After writing the above, received the enclosed letters from Sor Lois Gonsaga. (fn. n3) Would know what to answer, the matter being of no small importance, as Sor Lois is one of the most famous captains of Italy and has the best commodity of good fortresses, in which to assemble men, in these parts. Exhorts the King to take worthy account of this man's offer, as, for designs in Italy, such a man of authority is requisite; and Sor Loigi has as good places wherein to assemble men as the Mirandoila, who has often done so good service to the French king. Jeronimo Suardo, a gentleman of the best houses of Bergamo, under the Venetians, and reported to be of both courage and wit, was preparing to depart for England with certain good horses at his own expense; but Angelo Marian has persuaded him to remain here to assist in making horsemen if need be, for they are very scarce. He much desires to serve the King.
The Turks have taken and slain 3,000 horsemen, Hungars and Curvates, about Sagabria, a great damage to Ferdinando, The Turks there number 10,000 or 12,000 horse.
Sends herewith the copy of certain letters from the Emperor, the King of Remains and the Marquis of Guasto to the So Loigi Gonsaga, to whom he has returned the originals.
The Bishop of Rome has published a new bull to congregate all prelates to the Council, but the motions in Germany and refusal of the Protestants to come to Trent will frustrate it. The Emperor is suspected to be of the Bishop's part, for great sums of money which Cardinal Fernesy has commission to present. Cannot understand that the navy is departed from Marcelles "as to fore was said."
Venice, 16 May 1545.
Hol., pp. 4. Endd.
R. O. 2. "Capitani d'Angelo Mariano," viz.:— Signers Lunardo Arivaben and Giovandrea Ferraro and captains Girolumo di Stivoli, Oliver dalla Ca Biancha, Pasqual Amichino, Ser Aresta, Polider, and Giovandrea Gromo.
Ital. Small slip, p 1.
16 May. 752. Edmond Harvel to Russell.
R. O. Received his letters of 24 March in favour of Sor Hannibal Caraciolo and Fernando Martini, who have declared the kindness of the King and Council and offer to serve the King before any other prince; else they must, being poor gentlemen, seek some other partito. Thanked them, saying that he had no free commission to accept any to the King's service, but would learn his Grace's pleasure. They are of honourable families of Naples, but banished from their country, and are esteemed good men of war. Also received Russell's letters of 2 April, delivered on the 4th inst. by Angelo Mariano, who shall not lack most friendly entertainment, being universally commended. Has allowed him eight captains, to make him equal with Countye Bernardo and Ludovico de Larme; and he is satisfied, although he expected more, having charge to make more horsemen than they.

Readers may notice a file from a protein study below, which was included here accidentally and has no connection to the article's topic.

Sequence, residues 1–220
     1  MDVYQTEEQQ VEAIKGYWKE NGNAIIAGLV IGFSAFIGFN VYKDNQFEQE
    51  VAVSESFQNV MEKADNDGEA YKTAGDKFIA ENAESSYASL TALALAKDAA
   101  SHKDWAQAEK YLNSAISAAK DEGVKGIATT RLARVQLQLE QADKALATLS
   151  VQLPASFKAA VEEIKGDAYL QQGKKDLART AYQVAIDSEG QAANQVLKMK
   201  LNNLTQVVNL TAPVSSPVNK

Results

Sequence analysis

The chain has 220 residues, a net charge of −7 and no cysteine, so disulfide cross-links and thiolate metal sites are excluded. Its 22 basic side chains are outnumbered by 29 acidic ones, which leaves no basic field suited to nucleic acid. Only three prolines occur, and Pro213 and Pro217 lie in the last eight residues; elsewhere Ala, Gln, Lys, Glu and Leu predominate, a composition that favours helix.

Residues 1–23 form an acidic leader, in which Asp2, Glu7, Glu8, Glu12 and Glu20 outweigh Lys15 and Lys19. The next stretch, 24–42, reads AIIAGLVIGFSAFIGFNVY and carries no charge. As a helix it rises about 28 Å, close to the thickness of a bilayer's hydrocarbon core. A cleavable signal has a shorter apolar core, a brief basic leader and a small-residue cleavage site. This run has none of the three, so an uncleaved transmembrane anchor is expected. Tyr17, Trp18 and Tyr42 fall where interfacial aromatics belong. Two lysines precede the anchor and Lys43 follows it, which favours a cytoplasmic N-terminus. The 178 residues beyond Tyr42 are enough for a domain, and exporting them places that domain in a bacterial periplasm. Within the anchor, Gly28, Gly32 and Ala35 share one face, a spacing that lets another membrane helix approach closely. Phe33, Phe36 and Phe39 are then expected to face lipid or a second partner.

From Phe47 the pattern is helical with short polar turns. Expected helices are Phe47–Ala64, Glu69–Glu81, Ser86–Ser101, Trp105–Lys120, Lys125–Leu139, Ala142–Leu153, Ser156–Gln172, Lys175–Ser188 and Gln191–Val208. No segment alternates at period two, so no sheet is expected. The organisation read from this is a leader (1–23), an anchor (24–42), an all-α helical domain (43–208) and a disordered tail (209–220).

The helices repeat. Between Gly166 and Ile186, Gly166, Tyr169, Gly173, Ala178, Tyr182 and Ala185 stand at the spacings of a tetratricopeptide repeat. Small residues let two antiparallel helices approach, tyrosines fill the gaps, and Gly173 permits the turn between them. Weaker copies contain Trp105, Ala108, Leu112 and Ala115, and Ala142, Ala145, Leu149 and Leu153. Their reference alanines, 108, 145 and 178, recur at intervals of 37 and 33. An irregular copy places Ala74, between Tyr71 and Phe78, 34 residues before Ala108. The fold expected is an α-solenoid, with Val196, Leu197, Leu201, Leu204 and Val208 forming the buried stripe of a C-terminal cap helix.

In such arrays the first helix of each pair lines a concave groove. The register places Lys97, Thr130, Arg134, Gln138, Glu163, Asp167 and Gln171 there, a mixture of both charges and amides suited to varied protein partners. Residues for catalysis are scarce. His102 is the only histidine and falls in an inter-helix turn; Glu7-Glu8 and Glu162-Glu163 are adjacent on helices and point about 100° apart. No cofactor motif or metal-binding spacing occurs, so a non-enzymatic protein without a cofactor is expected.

Perceives that the Scots have small cause to glory in "that conflict," having twice as many slain as the Englishmen. The French and Romans in Italy brought 7,000 of our men to ruin, whom now, "by your lordship's letters, I have resuscitate again, and quenched the fables and lies of the adversaries." The French navy left Marcelles on 28 April, but their navigation will be long and difficult. The French give out that 20,000 footmen and 800 men of arms are departed for Scotland, but make no mention of the ships which our men have lately taken. The Turk has slain and taken about Sagabria in Hungary 3,000 good horsemen, Hungars and Crovates. The Turks are esteemed to be 10,000 or 12,000.
Herewith are letters to the King concerning the affairs of Sor Loigi Gonsaga. Please remember the early expedition of his cause. Venice, 16 May 1545.
Hol., pp. 2. Add.
753. Edmond Harvel to Russell.
R. O. Herewith are letters from the Countye Ludovico de Rangon to the King and others, delivered after the closing of my other letters. The Countye has "great seguito of soldiers in Lombardye" and is much esteemed both for his nobility and courage. "The Bishop hath utterly ruinate him, whereby he procureth to have occasion to annoy his enemy," and is apt for this as any of his degree in Lombardye. Herewith I send also a note of eight captains, received from Angelo Marian.
Hol, p. 1. Add.: To the right honorable lord Prevysele.
16 May. 754. Count Ludovico Rangon to Henry VIII.
R. O. Having spoken at length with M. Agnolo Mariano, and afterwards with the King's ambassador, refers to them for the matter, and protests that no man in Italy or elsewhere has more desire to serve him. This has long been his wish, both for his desire to offend the Bp. of Rome and for his own interest. The King may command him both in Italy and elsewhere, and he himself will make no demands, being certain that the King will do more for him than if he should make demands befitting his rank; and he is sure that he can do the King service. As a pledge of faith he begs that he may place his son with the Prince. Venice, 16 May '45.
Ital. Hol., pp. 2. Add. Sealed. Endd.
17 May. 755. The Privy Council.
A. P. C., 163
Meeting at St. James's, 17 May. Present: Suffolk, Privy Seal, Essex, Admiral, Winchester, Paget, Baker. Business:—Warrant to Tuke to deliver Knyvett and Fulwood 20l. in reward for conducting certain strangers northward. Order taken, in consideration of excessive prices demanded by the innholders of London from strangers coming hither for the King's service, that but 2½d. should be demanded for hay and litter and 16 groats for a quarter of oats. Warrant to the master of the Ordnance to deliver Alex. Welles 2 culverins and 3 sakers for Rye. Wm Overende of Lynne having taken 8 ships repairing towards Scotland, part whereof were thought to pertain to the Emperor's subjects and part to Scots, a commission was directed to the mayor and brethren of Lynne, Mr. Deram and Mr. Beningfelde to examine into it. Letter to my lord Deputy not to molest Skryven for his house, but be content with the house next the Exchequer or else lady Banester's. Letter to lord Poyninges to send over Harry Dudley with his 100, another captain with 100 hacquebuttes and Sir John Luttrell with his servants, to be at Depforde the 24th inst.